A 7.0-magnitude earthquake struck north of Acapulco, Mexico, in Guerrero state, on Tuesday. Acapulco is roughly 230 miles (375 km) from Mexico City.The earthquake was initially reported as magnitude 7.4. The ground shook for nearly a minute in some parts of Mexico City. There were no immediate reports of major damage. Mexico President Andrés Manuel López Obrador said in a video Tuesday night that there were no reports of deaths. “Fortunately, we don’t have at this hour any information about loss of human life,” he said. Lopez Obrador said authorities did receive reports of falling rocks.Later, a death of a man who was crushed by a falling post was reported. The earthquake had a depth of around 20 kilometers, or around 12 miles.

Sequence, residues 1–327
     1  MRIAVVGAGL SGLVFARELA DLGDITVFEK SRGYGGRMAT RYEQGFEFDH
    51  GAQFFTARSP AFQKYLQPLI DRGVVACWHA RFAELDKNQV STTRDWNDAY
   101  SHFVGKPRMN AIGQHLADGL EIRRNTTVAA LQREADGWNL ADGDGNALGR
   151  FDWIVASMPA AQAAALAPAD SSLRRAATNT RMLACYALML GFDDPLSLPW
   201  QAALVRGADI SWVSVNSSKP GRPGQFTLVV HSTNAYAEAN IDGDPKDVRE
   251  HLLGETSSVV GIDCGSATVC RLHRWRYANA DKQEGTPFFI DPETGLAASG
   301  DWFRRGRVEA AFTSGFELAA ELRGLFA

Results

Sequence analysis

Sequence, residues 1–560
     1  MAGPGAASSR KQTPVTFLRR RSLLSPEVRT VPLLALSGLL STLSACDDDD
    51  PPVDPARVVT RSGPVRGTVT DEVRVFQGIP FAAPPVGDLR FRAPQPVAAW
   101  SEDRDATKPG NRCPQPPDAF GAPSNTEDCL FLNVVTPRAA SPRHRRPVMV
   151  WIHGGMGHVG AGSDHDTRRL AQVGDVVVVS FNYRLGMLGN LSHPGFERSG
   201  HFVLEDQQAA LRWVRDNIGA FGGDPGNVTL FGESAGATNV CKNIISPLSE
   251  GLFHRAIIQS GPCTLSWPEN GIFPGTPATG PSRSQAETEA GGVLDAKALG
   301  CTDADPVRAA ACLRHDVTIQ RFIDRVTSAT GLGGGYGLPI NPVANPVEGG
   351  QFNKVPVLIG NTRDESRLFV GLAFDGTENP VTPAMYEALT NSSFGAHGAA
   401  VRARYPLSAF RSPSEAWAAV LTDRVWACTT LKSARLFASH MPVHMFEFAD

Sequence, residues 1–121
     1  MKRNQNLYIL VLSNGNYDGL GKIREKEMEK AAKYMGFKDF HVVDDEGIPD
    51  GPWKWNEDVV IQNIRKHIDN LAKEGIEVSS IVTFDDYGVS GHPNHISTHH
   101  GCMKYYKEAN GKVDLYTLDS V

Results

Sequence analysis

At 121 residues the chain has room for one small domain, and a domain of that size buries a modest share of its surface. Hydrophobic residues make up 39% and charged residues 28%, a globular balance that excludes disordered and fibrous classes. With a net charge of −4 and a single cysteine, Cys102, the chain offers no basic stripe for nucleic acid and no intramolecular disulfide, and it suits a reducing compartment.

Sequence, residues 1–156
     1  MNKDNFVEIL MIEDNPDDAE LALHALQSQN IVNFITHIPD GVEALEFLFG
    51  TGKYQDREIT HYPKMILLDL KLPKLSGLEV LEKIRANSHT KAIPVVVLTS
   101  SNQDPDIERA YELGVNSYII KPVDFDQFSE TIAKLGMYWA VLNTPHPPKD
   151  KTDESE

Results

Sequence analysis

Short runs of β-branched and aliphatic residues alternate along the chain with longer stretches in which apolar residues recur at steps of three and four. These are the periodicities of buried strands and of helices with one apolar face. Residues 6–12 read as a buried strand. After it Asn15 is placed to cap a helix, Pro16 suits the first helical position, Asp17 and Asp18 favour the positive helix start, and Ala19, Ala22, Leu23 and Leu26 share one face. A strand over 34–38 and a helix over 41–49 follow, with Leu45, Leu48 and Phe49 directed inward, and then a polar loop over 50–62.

Some people evacuated their buildings. Mayor Claudia Sheinbaum of Mexico City said that many people, 1.6 million users, had lost electricity and authorities were working to restore power. The National Oceanic and Atmospheric Administration initially issued a tsunami warning after the quake. Earthquakes are not uncommon in Mexico because of its location at the edge of the North American tectonic plate. A massive earthquake that struck the Mexican capital in 1985 killed thousands of people.